Berger and Luckmann in The Social Construction of Reality have shown the influences on the ‘sociology of knowledge’ from 19th century German thought. Berger and Luckmann assert, “It is from Marx that the sociology of knowledge derived its root proposition—that man’s consciousness is determined by his social being.” This is also the core of Marx’s materialist conception of history and critique, which in 1846 was directed against German idealism. The core can be summed up in one sentence. “It is not consciousness that determines life, but life that determines consciousness.” In other words, social being determines consciousness. Society is a system of human relations, or relations between groups, who make moral judgements on class-interest.
The sociology of knowledge has also been concerned with Marx’s twin concepts of superstructure/substructure. Though it must be remembered that the notion of ‘superstructure’ predates Marx, which historically arose from a critique of religion and law during the 17th and 18th centuries. In 19th century Germany the social constructions of sacred religion and laws were shown to be both devoid of objective validity and bountiful in universalistic pretensions. When Marx named the concept ‘superstructure,’ he demystified metaphysical claims as ideological pretexts and abstractions, divorced from real history and reflections of the substructure. The base of the substructure is the mode of production, and the analysis of modes of production is based on study of the available material forces of production. Thus, the social relations of economic production is determined by the mode of production and the material means of existence. Marxism identified the ‘substructure’ with economic structure, of which the ‘superstructure’ was then supposed to be a direct ‘reflection.’ However, from the perspective of Wissenssoziologie, ideology should not be understood mechanistically, but dialectically.
Most critics, today, no longer try to prove in a simple and direct way that existence or society produces consciousness, knowledge or art. Such mechanical explanations, rather represent a vulgar misinterpretation of Marx. Propositions of total dependence hardly exist and are about as common as the Romantic position, which advanced the opposite line of argument; namely, artists, the creators of consciousness, actively determine social reality. Since consciousness is inherently subjective, one needs to strive towards objectivity. Take nationalism, for example, a subjective reality which involves qualities like sentiment, enthusiasm and group identity; yet an observable phenomena, nonetheless. Consciousness can really only be understood through culture, which is both material and symbolic, and thus open to empirical investigation. Though imaginative literature is bound to language, it is the most independent of all cultural forms. Thus, art, the highest expression of culture, is neither completely free nor entirely determined by material forces. To paraphrase Raymond Williams: Art, while dependent on the real economic structure, operates in part to reflect this structure and its consequent reality, and in part, to affect attitudes towards reality, and thus influence the flux of reality in either a progressive or conservative direction.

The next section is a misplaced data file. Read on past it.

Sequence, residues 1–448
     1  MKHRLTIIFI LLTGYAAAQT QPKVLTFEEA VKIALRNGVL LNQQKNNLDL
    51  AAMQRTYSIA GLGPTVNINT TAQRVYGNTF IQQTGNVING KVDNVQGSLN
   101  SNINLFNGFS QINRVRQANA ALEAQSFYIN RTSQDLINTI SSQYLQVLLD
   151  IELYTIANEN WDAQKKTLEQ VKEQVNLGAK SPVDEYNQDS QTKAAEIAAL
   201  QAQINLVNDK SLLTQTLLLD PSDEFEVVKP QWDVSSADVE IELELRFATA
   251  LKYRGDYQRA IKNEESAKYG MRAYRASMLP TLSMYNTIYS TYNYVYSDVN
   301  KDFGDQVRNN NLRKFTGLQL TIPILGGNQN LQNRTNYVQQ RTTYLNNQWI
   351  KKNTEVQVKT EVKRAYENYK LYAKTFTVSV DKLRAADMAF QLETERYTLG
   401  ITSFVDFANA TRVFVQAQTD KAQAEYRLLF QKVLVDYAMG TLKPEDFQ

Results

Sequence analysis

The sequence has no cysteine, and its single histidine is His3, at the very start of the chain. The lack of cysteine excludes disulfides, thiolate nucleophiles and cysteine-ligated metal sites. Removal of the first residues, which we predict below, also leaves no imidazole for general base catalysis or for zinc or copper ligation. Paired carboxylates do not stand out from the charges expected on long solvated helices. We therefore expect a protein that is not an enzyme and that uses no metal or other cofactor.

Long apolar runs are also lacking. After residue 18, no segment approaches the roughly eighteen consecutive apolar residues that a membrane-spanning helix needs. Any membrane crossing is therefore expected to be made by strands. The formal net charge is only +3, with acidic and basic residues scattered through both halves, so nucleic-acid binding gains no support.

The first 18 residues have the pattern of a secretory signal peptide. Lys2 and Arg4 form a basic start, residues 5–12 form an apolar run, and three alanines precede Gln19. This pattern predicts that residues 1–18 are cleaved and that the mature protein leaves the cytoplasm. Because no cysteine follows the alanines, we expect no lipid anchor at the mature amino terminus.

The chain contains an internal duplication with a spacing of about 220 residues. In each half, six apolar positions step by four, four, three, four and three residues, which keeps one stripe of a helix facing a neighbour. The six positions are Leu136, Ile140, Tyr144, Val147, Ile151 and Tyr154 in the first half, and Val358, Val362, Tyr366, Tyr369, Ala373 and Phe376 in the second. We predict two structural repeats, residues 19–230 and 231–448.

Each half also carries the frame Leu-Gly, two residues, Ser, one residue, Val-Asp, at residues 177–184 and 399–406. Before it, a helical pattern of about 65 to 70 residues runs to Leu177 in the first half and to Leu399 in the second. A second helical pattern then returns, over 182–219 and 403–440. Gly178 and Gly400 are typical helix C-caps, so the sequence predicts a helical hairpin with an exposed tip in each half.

In short, the sociology of knowledge systematically analyzes the institutional organization in which intellectual activity is carried out in the framework of schools, academies, universities, learned societies, museums, libraries, research institutes, laboratories, foundations, think-tanks, publishing houses, mass circulated magazines and newspapers as well as broadcast networks. It also investigates what Berger and Luckmann call The Social Construction of Reality. They argue that the reality of everyday life is structured in terms of relevant needs, such as pragmatic interests and physical security. Accordingly, the world of everyday life for the average American has drastically changed, because American’s consciousness is now focused on the threat of terror in relation to physical security. Everyday American life reveals an inner anxiety based on the insecurity from 9-11. Finally, the new panorama of New York City acts as a continuous reminder. We argue that the response to the new security situation and identity crisis are important factors for the move towards formal empire.